Cervix is an organ on the lower part of the uterus that connects to the vagina. Cervical cancer is characterized by uncontrolled growth of the cells lining the cervix. Most of the cervical cancers start in the cells of the transformation zone (the part where glandular and squamous cell meet in the cervix).
Symptoms of cervical cancer include the following symptoms
Causes of cervical cancer are related to Human papilloma viral infections. In some women, the HPV infection causes precancerous changes in the cells of the cervix. HPV Viruses produce two proteins known as E6 and E7 which turn off tumor suppressor genes. These can result in abnormal growth of cells lining the cervix.
Certain other factors such as HIV and smoking also increase the risk of cervical cancer in women.
The most common system used for staging cervical cancer is the TNM system.
T stands for Tumour. It is used to describe the size of the tumour. It also helps to determine whether tumour has grown into other parts of the organ or tissues around the organ. It is represented by a range of 1 to 4. The higher the number means the larger the tumour.
N stands for Lymph Nodes. It helps determine if the cancer has spread to the lymph nodes around the organ. NX means the impact on lymph nodes cannot be determined. N0 means cancer hasn’t spread to nearby lymph nodes while N1, N2 and N3 means cancer has spread to lymph nodes. N1 to N3 also shows the range that how many lymph nodes are affected.
M stands for Metastasis. It is used to determine if the cancer has spread to other parts of body through blood or lymphatic system. MX means the metastasis cannot be determined; M0 means cancer has not spread to other body parts while M1 indicates that it has spread to other body parts.
Sometimes lowercase letters like a, b and c is used to divide the tumour, lymph nodes and metastasis into sub categories. Also lowercase “is” is used to denote carcinoma in situ. For e.g. Tis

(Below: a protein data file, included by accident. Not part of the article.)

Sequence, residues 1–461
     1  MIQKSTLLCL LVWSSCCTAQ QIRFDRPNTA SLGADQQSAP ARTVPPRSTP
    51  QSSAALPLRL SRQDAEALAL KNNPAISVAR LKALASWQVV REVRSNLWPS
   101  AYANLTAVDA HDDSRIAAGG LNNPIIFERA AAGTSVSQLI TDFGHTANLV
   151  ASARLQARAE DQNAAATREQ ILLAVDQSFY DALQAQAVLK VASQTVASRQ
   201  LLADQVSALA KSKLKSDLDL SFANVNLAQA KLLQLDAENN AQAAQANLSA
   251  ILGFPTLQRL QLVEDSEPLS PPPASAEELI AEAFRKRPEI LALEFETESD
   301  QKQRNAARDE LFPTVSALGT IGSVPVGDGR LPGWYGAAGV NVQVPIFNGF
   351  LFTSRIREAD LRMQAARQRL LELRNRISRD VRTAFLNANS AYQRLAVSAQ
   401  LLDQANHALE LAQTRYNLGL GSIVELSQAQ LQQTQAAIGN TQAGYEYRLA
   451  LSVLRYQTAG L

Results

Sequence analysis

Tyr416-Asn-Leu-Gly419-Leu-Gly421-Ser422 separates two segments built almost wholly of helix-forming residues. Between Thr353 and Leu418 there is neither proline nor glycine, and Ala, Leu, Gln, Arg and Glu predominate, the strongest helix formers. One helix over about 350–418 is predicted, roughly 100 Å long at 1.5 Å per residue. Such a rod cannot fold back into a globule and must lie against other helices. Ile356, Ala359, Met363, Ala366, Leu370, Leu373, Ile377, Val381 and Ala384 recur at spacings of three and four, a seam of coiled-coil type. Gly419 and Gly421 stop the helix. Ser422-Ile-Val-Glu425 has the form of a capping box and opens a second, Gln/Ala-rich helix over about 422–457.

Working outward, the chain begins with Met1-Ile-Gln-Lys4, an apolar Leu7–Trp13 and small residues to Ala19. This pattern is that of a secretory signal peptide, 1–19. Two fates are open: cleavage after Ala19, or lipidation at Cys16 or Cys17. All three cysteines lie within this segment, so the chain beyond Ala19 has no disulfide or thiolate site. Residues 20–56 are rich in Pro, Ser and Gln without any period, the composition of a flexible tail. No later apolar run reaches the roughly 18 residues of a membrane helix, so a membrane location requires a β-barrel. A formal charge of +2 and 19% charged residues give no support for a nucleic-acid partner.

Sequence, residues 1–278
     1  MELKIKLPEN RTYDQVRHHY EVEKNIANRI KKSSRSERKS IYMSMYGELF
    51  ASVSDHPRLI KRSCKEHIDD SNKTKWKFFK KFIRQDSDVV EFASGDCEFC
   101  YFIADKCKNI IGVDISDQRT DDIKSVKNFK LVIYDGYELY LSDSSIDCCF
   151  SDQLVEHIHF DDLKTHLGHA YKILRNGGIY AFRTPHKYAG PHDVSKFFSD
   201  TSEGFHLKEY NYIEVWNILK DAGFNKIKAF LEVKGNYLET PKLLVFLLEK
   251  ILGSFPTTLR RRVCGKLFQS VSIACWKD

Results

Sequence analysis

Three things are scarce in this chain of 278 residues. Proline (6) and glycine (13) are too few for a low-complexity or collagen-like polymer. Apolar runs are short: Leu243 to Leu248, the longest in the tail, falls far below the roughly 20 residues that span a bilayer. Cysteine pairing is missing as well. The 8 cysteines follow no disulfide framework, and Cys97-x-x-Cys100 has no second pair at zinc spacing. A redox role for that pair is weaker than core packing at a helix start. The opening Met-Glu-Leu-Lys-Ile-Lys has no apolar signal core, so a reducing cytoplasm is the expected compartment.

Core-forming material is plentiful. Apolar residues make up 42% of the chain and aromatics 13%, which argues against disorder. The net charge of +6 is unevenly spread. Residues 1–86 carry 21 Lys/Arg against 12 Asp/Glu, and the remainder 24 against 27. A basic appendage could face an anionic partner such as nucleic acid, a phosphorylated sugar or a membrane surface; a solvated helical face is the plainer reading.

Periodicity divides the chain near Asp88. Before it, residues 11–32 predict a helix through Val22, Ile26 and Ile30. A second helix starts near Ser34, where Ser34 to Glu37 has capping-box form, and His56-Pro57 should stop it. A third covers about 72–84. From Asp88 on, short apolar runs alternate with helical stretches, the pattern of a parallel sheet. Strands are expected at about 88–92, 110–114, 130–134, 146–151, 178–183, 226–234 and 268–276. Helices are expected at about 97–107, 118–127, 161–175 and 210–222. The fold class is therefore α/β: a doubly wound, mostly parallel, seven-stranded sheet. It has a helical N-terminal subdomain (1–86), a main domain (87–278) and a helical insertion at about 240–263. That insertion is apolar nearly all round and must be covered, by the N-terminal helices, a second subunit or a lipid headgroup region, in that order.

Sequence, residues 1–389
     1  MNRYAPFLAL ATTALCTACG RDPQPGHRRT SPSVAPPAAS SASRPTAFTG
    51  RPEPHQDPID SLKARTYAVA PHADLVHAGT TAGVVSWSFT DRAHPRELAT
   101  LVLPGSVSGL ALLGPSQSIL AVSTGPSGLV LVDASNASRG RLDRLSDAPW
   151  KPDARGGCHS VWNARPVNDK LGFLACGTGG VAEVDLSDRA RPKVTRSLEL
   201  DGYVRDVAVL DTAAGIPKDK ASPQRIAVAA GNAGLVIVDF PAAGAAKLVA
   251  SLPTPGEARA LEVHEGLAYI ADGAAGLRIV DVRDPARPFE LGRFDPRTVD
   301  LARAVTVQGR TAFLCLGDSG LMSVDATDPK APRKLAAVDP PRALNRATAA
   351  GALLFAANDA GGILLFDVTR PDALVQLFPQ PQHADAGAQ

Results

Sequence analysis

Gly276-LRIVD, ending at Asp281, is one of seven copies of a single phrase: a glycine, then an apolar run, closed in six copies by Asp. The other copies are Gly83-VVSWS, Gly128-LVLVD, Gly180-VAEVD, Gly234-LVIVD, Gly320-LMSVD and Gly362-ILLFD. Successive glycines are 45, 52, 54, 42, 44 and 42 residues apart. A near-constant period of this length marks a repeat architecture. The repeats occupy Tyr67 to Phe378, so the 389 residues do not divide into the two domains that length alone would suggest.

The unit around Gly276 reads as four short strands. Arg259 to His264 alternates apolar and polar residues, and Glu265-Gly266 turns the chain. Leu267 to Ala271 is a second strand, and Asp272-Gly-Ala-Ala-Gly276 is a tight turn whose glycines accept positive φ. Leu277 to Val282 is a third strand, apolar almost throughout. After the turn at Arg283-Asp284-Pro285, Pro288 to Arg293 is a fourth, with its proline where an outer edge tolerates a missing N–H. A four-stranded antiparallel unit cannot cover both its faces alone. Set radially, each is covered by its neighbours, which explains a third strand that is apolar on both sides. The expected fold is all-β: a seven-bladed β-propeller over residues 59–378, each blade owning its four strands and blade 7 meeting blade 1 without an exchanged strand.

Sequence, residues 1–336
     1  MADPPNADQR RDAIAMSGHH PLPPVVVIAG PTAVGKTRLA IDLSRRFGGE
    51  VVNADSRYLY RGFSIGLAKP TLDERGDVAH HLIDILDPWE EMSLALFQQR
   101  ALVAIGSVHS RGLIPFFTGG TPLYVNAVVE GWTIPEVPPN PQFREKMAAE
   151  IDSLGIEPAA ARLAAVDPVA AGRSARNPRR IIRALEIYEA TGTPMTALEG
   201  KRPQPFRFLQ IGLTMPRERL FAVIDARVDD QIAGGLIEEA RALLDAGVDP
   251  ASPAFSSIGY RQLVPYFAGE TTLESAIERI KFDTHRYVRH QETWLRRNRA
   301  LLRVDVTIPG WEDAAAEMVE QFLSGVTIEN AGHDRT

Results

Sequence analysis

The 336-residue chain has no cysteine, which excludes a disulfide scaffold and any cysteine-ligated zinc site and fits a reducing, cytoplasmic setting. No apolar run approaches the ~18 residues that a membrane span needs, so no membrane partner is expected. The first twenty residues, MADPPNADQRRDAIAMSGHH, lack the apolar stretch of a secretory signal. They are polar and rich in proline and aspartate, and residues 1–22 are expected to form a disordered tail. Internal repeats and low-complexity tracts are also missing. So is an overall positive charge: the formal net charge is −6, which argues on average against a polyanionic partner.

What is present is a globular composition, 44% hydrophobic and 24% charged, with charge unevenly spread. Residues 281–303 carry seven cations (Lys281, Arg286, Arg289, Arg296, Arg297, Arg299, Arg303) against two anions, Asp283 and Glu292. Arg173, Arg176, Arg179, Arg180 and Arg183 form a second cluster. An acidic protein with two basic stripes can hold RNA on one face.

In this stage the cancer is characterized as following
This stage of cancer is characterized by following findings:
This is an advanced stage of cancer, it has the following characteristics:
The cancer can be seen spreading to the lower part of the vagina or the walls of the pelvis. The cancer may be blocking the ureters (tubes which carry urine from the kidneys to the bladder) (T3).
It might or might not have not spread to any nearby lymph nodes (Any N).
It has not spread to any distant sites (M0).
This is the most advanced stage of cancer. It is characterized by following conditions
A number of factors contribute to increasing the chances of getting cervical cancer. These are called risk factors. Some of the most crucial risk factors are discussed here:
Human papillomavirus (HPV) infection
Long Term Use of Contraceptives
Weak Immune System
Weak Immune System
Having multiple full time pregnancies
Family history of cervical cancer
There are two types of cervical cancer
Screening helps in detecting cervical cancer. Most common guideline is to start the screening from the age of 21. The most popular screening tests are:
If your doctor suspects cervical cancer, he/she may inspect your cervix to collect samples of cells to perform a biopsy. The biopsy can be of two types:
The treatment for cervical cancer depends upon many factors, which includes the stage of cancer when it is diagnosed.
The most common treatment methodologies used are Surgery, radiation therapy, chemotherapy, and targeted therapy.
Cervical cancer often can be prevented with the help of vaccination and modern screening techniques such as Pap test that can detect precancerous changes in the cervix. Also, there are some vaccines such as Gardasil that can prevent HPV infections.
The other ways in which you can prevent cervical cancer are: